SDSU CUTS ENROLLMENT, CHANGES ADMISSION & TRANSFER STUDENT POLICIES: ANNOUNCEMENT DRAWS CRITICISM

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September 23, 2009 – In response to “devastating budget cuts”, San Diego State University President Stephen L. Weber announced that SDSU will cut enrollment by 10.8%, or 4,588 undergraduate students. In addition, the school will make changes to its admissions policy for incoming fall 2010 freshmen and transfer students. The announcement has sparked concerns and criticisms from community leaders.
 

“These changes are a direct result of devastating state budget cuts of $571 million to the California State University System and SDSU,” Weber wrote in an e-mail sent to faculty members yesterday.

 

Statewide, CSU school have cut enrollment by 40,000 for this year and next. State budget cuts are “adversely and unfairly affecting not only thousands of CSU students, but many others throughout our state,” said Weber. SDSU has already cut 600 faculty and staff position, with most remaining employees taking unpaid furloughs.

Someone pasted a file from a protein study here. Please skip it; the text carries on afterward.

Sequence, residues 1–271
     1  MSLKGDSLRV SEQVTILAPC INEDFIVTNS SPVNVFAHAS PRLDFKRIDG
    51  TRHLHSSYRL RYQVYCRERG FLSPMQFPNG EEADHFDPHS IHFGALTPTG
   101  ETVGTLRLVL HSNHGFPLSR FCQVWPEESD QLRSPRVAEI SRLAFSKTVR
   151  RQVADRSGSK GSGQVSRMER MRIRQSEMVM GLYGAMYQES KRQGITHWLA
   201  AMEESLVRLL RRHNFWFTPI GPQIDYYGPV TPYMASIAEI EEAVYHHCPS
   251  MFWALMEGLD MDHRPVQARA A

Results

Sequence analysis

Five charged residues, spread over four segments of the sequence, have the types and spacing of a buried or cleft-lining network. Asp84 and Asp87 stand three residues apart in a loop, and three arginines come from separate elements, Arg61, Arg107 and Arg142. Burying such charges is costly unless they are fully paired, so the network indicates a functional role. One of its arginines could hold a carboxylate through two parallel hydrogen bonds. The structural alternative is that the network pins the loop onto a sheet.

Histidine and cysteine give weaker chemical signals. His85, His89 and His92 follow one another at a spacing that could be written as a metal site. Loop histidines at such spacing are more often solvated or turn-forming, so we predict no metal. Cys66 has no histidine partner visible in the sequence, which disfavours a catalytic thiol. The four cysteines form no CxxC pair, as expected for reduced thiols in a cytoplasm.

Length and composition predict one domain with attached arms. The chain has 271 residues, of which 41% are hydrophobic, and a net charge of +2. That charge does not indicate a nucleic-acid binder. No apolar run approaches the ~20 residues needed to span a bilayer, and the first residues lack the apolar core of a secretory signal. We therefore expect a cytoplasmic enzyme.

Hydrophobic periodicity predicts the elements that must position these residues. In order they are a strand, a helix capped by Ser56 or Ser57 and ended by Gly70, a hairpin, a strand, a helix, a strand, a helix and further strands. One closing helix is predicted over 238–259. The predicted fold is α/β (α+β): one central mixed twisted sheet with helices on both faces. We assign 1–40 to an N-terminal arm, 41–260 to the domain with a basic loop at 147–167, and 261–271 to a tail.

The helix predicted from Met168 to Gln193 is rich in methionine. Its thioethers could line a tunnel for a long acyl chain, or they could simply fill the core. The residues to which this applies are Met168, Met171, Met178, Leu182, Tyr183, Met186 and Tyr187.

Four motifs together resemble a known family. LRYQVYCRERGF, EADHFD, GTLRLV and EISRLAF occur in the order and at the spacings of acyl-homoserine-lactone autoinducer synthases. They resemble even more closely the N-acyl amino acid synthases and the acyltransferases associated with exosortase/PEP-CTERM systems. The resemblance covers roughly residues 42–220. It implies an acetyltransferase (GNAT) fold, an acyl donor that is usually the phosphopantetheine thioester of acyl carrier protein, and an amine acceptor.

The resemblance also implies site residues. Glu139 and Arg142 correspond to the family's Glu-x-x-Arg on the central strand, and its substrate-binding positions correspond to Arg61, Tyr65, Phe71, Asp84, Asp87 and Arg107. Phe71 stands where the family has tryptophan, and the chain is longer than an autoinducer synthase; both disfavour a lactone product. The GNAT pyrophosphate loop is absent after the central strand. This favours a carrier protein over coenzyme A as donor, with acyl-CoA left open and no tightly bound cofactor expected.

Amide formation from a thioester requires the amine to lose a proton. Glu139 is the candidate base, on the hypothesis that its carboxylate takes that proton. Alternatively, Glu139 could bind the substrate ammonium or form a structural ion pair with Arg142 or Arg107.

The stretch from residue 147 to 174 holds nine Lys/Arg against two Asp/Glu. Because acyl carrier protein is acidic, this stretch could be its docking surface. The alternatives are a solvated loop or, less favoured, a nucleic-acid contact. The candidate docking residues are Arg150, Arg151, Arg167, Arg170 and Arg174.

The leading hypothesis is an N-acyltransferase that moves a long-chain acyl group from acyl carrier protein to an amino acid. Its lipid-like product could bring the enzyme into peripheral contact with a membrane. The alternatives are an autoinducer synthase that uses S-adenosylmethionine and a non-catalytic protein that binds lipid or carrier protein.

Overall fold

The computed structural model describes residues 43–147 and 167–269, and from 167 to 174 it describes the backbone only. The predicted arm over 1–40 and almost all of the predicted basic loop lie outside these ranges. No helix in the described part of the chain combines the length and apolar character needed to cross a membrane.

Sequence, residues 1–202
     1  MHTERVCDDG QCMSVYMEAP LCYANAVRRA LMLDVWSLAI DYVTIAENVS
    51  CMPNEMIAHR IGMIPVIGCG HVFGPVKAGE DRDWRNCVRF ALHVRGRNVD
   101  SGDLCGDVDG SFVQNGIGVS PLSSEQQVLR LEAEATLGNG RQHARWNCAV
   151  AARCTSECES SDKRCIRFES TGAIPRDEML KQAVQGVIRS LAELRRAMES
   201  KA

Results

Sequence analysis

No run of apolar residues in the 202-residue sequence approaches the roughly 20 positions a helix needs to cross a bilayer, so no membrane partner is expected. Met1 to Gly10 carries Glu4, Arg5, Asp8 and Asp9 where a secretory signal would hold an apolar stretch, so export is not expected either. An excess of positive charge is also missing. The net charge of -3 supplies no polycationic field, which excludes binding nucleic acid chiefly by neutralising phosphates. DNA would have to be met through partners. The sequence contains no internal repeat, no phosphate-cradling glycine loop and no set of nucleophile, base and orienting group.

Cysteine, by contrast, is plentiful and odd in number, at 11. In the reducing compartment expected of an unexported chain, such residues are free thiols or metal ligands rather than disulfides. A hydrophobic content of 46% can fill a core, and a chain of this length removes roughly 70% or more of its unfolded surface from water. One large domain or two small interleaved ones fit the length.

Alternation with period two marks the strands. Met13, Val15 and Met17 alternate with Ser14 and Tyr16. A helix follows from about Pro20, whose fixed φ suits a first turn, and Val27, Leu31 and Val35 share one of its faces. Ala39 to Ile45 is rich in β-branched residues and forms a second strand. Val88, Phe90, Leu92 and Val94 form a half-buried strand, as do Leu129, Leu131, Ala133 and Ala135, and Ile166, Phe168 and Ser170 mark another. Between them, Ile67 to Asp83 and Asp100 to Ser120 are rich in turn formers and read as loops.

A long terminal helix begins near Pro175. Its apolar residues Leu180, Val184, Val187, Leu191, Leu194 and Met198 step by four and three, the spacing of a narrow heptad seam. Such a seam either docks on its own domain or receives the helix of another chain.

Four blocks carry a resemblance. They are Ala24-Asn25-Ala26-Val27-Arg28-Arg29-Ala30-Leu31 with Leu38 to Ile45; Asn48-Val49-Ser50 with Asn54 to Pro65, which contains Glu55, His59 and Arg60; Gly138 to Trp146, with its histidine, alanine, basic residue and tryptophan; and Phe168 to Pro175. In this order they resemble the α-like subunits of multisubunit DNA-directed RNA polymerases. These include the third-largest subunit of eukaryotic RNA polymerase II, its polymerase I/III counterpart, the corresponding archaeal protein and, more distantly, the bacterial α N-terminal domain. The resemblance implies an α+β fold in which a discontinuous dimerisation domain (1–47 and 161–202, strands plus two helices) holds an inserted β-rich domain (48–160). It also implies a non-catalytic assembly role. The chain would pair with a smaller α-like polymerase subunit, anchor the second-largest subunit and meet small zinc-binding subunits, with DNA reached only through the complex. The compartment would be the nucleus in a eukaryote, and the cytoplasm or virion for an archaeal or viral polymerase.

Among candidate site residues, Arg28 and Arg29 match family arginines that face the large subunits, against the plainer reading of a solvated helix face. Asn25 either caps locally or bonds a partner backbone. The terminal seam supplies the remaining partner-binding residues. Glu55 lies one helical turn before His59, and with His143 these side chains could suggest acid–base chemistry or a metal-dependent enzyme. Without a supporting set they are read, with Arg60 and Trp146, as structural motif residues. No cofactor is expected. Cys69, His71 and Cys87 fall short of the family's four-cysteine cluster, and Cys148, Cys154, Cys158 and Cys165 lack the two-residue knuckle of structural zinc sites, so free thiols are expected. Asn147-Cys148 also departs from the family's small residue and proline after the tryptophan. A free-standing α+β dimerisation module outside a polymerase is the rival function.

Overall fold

For first-time freshmen, SDSU is declaring all majors and pre-majors impacted (including undeclared) with a goal to “better manage enrollment and ensure students can get the classes they need to graduate,” according to Weber’s e-mail. Applicants will be required to apply to a pre-major or undeclared and will be admitted based on their CSU Eligibility Index (calculated from grades and SAT/ACT scores). Local students will be given extra eligibility index points, but first-time freshmen from outside SDSU’s service area will be required to live on campus their first year starting in fall 2010. These changes impact only freshmen, not students already enrolled.